IEEE’s version of the Manchester Code uses a transition from low to high to represent a 1. Similarly, a transition from high to low represents a 0. This used to be how we transmitted data over Ethernet, and it’s still what we use for short, bursty signals like RFID and NFC. However, it’s terribly inefficient at sending a lot of data, and generates a rather absurd amount of noise at higher frequencies. The system used today for Ethernet is far cooler, and more complicated.

When a signal transitions from low to high like this, we call it a *rising edge.* They come up often in digital logic applications, computer architecture, and embedded systems. I’ve always thought the term has a certain optimistic ring to it, so it’s what I’ve decided to call this blog.

When I program in my free time, I don’t really care to make finished, usable pieces of code. Rather, I like to spend my time learning about specific topics that interest me. Outside of academia, the pursuit of intellectual curiosity for its own sake isn’t all that marketable. Even the most free-flowing, idea-focused startup still wants to sell you ~~something~~. So, instead of finished products, which speak for themselves, I’ll simply document all of the various odd branches I go down.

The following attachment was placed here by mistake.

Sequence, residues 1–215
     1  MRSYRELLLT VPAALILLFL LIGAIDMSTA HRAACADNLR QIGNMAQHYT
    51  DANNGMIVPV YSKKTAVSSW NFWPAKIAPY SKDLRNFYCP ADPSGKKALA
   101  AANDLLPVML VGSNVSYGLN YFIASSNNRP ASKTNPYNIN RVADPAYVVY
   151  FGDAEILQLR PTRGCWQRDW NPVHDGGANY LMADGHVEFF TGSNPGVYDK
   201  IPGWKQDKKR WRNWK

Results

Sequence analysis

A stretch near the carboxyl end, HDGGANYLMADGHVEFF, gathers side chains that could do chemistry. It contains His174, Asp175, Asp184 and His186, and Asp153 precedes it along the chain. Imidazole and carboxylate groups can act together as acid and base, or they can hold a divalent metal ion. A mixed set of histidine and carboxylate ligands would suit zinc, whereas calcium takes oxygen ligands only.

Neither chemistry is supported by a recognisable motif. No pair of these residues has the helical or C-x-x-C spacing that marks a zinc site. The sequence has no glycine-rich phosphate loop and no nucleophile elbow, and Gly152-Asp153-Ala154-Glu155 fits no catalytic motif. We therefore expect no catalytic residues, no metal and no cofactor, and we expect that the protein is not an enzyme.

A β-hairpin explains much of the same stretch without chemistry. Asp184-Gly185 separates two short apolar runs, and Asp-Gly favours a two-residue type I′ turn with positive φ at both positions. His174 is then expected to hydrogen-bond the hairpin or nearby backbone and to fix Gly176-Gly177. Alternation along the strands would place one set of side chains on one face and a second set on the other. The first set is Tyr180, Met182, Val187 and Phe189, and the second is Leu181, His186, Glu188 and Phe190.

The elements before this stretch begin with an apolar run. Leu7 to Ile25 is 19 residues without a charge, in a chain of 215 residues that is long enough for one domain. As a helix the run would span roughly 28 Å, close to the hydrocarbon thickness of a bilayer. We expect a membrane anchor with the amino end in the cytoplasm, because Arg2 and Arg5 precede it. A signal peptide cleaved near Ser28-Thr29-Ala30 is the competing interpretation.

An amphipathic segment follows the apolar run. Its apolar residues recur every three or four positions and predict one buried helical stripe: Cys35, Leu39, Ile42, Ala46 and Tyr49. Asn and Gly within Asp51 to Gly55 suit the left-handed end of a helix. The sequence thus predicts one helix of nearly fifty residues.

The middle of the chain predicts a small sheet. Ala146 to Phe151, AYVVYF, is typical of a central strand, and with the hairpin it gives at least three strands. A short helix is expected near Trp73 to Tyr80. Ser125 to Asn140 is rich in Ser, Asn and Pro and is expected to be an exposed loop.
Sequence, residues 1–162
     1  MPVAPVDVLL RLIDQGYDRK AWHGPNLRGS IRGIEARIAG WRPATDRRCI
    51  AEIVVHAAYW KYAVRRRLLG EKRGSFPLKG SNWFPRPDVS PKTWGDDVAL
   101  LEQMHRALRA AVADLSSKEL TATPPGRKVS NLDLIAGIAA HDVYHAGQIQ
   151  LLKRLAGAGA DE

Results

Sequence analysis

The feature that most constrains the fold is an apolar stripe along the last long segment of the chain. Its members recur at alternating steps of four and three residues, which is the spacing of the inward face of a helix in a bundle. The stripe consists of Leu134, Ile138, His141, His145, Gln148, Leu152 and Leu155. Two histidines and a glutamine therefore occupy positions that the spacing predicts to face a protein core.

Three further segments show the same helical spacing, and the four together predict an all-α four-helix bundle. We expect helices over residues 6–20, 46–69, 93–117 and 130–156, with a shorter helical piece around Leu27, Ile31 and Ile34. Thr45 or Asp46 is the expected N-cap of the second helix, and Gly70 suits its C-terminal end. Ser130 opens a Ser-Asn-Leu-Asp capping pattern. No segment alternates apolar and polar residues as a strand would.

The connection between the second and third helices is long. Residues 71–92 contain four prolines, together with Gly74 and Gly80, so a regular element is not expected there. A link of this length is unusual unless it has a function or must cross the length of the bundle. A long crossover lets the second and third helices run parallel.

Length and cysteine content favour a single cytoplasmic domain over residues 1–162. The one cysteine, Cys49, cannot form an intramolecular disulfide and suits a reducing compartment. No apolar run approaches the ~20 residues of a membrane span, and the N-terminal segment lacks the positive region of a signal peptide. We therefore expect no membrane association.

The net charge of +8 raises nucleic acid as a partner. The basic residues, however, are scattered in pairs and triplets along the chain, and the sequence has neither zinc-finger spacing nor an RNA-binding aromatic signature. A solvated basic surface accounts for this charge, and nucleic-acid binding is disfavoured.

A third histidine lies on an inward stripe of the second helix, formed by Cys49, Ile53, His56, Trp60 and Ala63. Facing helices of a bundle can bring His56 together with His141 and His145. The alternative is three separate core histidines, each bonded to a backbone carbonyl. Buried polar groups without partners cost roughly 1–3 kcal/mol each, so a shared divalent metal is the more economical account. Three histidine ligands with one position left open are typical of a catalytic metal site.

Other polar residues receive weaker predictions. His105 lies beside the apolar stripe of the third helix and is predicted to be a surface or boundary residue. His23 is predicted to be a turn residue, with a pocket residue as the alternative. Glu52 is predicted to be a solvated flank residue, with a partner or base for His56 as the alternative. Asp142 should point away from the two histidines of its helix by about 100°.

These are going to vary a bit. I’m getting into functional programming, and I’ve been recreating all the old data structures we had to learn in this paradigm. I want to recreate the destructible terrain from Worms (or Arcanists) from scratch. I’ve been experimenting with algorithmically generated art. I’m trying to write customizable keyboard firmware in Rust. (I build keyboards. Next up is a Dactyl Manuform).

My SEO plugin is telling me this post is “fairly difficult to read” and “rather long” to the point where I need subheadings. Then again, I don’t care *that* much about SEO, and their readability index is based on what would be easy for an 11 year old. It would get better if I used words with fewer syllables and wrote in shorter sentences. However, I will *probably* mention the *Entscheidungsproblem* at some point, so is it really worth it? Given the nature of what I’m going to be writing about, I highly doubt I had that tween demographic to begin with.